Yes. we don’t live in a theocracy. Therefore, civil and secular concerns trump religious ones outside of exclusively religious institutions. Duh. Civil, secular and medical society overwhelmingly agrees that contraception is a reasonable and safe means of individual birth control. It makes practical sense that it be included in health care plans. Thank goodness medical science and practicality are at long last trumping unverifiable superstition.

    • Leon Suprenant February 3, 2012 at 10:19 pm #

      There are some gaps in logic here. No one is suggesting that the United States is a theocracy (and even if it were, it’s not a Catholic one!).

      But the United States does hold sacred the First Amendment, which allows for the free exercise of one’s religioh. The U.S. has also upheld conscience rights in various contexts.

      What we do see with the HHS mandate is the further “establishment” of a new secularist religion that is being imposed on those who are not adherents of its pro-contraception, pro-sterilization, pro-abortion tenets.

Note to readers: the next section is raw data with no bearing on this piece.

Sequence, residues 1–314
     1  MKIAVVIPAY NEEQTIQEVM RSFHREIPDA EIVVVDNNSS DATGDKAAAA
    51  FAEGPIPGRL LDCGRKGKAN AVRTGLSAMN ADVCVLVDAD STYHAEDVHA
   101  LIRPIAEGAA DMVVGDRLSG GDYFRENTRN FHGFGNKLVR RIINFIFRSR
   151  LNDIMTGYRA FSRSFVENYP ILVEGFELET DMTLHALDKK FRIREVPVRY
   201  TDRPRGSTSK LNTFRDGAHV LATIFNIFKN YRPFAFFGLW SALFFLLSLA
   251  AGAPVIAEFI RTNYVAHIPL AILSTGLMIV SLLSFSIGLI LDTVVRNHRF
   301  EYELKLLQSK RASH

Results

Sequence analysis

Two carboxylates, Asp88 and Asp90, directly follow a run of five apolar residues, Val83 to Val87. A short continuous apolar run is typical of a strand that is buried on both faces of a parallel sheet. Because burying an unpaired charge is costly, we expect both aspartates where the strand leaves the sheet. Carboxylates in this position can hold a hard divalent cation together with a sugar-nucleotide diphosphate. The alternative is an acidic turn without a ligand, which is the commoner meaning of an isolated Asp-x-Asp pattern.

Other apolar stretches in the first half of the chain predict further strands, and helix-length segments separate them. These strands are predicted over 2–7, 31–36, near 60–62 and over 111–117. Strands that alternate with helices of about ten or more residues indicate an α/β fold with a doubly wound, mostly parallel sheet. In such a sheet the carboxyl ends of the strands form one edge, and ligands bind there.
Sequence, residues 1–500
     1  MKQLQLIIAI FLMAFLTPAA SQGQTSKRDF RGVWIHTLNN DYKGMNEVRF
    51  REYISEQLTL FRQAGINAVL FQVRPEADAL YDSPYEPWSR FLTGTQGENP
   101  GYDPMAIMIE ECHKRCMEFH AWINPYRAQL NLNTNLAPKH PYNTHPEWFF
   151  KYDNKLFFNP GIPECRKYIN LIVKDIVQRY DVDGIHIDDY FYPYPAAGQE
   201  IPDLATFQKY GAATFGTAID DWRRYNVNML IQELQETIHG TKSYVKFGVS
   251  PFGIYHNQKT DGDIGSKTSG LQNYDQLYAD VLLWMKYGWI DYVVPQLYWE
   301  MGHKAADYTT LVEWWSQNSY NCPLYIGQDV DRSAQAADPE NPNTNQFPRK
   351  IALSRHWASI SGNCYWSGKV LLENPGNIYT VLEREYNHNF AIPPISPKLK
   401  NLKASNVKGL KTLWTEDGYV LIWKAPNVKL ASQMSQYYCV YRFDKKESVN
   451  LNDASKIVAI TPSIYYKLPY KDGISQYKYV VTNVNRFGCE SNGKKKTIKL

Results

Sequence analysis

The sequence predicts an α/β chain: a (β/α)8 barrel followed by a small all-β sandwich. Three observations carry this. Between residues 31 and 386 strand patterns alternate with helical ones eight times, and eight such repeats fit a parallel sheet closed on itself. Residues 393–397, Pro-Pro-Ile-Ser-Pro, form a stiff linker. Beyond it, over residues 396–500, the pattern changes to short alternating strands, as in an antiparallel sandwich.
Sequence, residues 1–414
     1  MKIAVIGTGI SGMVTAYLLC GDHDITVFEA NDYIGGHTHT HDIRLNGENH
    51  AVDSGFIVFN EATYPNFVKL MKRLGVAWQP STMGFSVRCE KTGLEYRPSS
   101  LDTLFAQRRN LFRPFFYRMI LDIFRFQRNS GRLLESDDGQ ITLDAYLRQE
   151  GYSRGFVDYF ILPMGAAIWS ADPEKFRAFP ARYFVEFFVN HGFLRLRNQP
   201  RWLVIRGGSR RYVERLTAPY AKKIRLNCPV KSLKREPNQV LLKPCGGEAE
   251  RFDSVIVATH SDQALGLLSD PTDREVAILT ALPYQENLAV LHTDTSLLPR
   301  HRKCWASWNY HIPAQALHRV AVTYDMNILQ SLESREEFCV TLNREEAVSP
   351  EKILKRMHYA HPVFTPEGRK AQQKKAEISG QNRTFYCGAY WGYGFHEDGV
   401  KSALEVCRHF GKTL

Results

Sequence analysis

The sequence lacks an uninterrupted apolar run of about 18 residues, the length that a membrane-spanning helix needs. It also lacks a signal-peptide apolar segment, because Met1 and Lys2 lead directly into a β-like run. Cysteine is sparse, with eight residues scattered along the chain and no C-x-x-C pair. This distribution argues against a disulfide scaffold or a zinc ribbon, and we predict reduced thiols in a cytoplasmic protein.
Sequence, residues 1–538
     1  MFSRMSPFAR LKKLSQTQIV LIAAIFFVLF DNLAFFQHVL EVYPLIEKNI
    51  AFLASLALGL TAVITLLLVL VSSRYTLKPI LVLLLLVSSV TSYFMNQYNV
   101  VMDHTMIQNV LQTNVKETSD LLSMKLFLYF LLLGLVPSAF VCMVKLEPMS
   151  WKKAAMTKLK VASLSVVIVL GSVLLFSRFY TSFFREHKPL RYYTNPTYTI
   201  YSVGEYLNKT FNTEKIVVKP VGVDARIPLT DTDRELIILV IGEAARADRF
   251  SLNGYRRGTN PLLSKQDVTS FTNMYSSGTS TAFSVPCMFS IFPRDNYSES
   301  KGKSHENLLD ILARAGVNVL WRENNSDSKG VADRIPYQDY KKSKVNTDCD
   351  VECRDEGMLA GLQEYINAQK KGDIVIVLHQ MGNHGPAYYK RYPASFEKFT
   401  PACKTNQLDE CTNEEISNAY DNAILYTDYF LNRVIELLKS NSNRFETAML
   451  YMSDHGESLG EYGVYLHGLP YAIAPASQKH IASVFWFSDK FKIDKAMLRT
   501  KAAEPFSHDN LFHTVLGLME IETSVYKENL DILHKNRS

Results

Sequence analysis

Are killing our babies and mutilating our bodies so that we can’t have more children really “health care” according to “practical” common sense?

      But leaving that aside, the Church isn’t telling the government that private health care plans can’t include coverage for these things, but by the same token, the government shouldn’t be able to tell the Church to pay for services that the Church has always taught are gravely, morally wrong.

      I would suggest that those who would run roughshod over the moral teaching of the Church as “unverifiable superstition” and thereby extinguish the Church’s constitiutional liberties are the ones who are intolerantly imposing their religion–the religion of secular atheism.

  2. Mike F. February 3, 2012 at 10:59 pm #

    I completely agree with Leon Suprenant.

    First, it’s not “medicine” to stop a body from functioning according to its normal, healthy design (the Pill and/or sterilization). In the words of “Thomas” above, “duh.” How distorted and confused things have become for so many.